Contemporary Use of Like and its effects on non-native English speakers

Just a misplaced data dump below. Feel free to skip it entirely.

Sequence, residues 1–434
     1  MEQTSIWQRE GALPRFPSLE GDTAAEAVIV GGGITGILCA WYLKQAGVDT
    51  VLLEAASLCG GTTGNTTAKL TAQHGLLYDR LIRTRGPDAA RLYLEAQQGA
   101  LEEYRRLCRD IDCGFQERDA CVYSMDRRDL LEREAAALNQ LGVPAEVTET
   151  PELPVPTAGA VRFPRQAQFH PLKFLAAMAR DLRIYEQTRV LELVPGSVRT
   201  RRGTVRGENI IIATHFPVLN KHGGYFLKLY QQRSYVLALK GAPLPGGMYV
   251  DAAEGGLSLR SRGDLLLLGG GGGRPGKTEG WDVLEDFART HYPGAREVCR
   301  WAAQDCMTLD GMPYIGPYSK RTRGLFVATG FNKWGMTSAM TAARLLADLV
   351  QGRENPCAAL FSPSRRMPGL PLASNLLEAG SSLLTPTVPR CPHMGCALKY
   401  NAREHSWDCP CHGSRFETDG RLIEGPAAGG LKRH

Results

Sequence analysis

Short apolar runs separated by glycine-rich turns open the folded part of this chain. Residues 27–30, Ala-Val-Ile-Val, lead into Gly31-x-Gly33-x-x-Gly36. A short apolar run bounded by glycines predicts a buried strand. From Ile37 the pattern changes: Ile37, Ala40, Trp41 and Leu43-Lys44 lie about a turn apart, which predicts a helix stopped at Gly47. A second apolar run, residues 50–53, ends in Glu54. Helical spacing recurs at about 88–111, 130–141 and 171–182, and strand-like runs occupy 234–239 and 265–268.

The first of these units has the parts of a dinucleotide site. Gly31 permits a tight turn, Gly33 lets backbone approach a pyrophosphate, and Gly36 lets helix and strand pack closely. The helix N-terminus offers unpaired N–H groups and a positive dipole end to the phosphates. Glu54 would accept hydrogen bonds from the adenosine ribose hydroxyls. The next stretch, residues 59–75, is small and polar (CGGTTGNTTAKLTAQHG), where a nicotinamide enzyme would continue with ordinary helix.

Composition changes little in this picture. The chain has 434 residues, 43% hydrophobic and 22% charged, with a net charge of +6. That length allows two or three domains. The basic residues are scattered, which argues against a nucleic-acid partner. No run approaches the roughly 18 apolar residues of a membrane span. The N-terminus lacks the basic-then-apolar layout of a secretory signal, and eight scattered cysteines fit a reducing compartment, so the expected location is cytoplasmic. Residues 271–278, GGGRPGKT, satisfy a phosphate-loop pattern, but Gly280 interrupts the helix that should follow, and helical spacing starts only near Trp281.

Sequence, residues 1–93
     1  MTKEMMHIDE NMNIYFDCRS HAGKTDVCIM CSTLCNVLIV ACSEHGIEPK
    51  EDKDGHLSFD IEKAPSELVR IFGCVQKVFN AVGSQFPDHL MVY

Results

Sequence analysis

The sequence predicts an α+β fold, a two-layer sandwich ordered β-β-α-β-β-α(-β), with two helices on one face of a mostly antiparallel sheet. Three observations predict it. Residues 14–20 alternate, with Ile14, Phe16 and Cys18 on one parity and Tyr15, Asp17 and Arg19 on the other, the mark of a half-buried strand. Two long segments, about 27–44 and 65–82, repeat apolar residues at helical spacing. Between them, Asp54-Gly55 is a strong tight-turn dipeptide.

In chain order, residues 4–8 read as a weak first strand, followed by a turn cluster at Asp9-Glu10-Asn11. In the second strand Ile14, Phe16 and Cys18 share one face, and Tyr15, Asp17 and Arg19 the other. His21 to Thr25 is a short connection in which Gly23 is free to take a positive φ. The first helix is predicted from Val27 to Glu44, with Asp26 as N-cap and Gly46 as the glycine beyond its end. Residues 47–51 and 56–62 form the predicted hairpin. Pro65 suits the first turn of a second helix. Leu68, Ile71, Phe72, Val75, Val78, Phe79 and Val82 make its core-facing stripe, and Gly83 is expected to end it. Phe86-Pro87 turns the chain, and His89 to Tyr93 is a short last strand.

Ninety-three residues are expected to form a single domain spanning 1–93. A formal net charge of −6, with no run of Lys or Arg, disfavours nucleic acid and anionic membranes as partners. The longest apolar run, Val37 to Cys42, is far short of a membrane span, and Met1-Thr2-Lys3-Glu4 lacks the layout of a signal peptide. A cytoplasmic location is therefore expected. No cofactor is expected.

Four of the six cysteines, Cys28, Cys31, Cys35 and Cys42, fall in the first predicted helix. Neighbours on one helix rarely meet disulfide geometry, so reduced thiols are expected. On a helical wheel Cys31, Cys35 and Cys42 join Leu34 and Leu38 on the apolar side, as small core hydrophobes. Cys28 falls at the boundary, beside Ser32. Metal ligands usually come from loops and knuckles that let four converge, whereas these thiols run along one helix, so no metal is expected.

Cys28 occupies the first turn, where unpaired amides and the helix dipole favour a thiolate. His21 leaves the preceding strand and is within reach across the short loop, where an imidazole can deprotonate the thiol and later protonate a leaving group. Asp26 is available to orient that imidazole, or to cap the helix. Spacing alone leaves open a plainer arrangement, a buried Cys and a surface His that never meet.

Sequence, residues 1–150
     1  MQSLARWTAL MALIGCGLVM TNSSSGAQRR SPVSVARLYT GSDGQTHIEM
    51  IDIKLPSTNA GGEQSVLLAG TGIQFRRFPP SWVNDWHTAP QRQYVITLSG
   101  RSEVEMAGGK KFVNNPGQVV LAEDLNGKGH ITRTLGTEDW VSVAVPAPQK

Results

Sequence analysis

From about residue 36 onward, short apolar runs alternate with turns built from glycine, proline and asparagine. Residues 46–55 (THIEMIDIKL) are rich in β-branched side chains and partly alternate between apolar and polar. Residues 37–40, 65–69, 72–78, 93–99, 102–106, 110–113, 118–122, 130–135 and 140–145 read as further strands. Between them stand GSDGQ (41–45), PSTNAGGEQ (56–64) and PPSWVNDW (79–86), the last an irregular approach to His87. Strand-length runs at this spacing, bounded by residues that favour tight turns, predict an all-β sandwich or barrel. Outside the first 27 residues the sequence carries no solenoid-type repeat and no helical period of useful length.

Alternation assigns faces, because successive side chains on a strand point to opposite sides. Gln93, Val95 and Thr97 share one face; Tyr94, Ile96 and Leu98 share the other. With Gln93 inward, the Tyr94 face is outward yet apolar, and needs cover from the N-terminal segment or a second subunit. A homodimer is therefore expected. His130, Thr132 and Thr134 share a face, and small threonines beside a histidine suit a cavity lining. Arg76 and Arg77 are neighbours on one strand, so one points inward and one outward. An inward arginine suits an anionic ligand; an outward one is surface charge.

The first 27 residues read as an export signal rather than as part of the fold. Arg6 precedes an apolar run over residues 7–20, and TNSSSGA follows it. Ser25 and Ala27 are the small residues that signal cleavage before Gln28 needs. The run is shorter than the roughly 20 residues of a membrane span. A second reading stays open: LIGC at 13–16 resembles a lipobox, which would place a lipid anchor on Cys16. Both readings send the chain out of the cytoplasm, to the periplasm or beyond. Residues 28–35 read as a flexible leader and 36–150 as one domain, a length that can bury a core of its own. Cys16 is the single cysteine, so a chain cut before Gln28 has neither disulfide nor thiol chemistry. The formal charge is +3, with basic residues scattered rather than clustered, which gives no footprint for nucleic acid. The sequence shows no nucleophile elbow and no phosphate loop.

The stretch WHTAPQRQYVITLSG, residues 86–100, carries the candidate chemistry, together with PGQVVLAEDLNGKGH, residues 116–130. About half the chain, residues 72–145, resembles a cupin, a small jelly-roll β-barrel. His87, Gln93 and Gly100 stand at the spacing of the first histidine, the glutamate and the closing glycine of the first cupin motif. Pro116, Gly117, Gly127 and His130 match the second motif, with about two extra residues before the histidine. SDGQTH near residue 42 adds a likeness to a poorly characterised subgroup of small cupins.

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1 Contemporary Use of Like and its effects on non-native English speakers Huijin Yan Structure of English Prof. Barr Part I: Introduction One phenomenon in American oral English that can be easily noticed by non-native speakers (NNESs) is the surprisingly broad use of like. The contemporary use of like is far beyond a verb, a noun or a preposition, which is what the NNESs have learned in their traditional English classes. For example: (1) I was walking into the south side, like, Anderson, the front desk, and it was really like, like two o clock in the morning. Some kids was carrying a Natty s can, like, a beer can, and the front desk people were like, what is that in your hand? He was like, oh, that s a soda can. And, he was just really being stupid. And his friend was like, are you dumb? Like, what the hell are you doing? So, it s really funny. (An AU undergraduate student s description of a funny conversation heard on April 15th, 2008) (2) So, we just kissed and then I was like bye. But if I had known he had a girlfriend (Overheard at AU, AU facebook) (3) Declarative sentences so-called because they used to, like, you know, declare things to be true? OK? As opposed to other things that are like, totally, you know, NOT? They ve been infected by their tragically cool and totally hip interrogative tone? As if I m saying, don t think I m a nerd just cauz I ve noticed this, OK? I ve nothing personally invested in my own opinions. I m just like inviting you to join me on the bandwagon of my own uncertainty? (Transcription from Like You Know,Taylor Mali, (http://www.youtube.com/watch?v=scnibv87wv4&feature=related) (4) Yeah, you learn a standard language in a class, but when you go abroad, and you study in this country, there s, all these things that you don t know, and you are like, what the heck, like, I ve never learnt it. And you are, like, they don t expect you to learn it, but I guess, as you are like, around, just walking around, you pick it up and you learn it. (Parts of an interview taken on April 15th, 2008) Despite the assertion that it is entirely ungrammatical in standard English and makes sentences seem disjointed to many listeners (Underhill, 1988, p. 234), the non-standard